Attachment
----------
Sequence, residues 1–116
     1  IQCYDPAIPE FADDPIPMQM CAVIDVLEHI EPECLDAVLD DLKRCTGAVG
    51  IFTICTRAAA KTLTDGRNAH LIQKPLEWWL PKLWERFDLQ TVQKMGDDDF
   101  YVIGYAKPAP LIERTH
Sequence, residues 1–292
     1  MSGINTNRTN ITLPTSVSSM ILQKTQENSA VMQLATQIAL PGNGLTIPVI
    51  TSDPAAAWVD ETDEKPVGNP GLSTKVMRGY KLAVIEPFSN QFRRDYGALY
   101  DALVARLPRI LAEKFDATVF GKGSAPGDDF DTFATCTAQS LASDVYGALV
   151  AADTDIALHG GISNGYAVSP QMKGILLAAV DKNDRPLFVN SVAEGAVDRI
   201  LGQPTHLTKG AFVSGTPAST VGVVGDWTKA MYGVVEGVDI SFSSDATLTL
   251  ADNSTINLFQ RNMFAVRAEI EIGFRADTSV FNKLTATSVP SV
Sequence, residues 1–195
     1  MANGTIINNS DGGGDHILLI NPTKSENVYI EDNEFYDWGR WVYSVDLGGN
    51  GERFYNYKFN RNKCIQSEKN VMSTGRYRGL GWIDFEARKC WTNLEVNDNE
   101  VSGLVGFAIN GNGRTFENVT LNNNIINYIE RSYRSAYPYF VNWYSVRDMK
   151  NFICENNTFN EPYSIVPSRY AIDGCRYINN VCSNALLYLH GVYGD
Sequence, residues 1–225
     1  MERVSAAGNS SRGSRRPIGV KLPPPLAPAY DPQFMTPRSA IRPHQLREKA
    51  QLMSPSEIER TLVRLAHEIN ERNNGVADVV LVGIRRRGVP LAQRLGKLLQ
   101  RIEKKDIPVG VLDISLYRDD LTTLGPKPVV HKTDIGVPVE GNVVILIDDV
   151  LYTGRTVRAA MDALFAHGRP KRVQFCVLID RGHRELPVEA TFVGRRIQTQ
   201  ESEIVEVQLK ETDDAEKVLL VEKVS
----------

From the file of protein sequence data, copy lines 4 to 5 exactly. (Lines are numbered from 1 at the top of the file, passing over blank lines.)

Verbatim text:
   101  YVIGYAKPAP LIERTH
Sequence, residues 1–292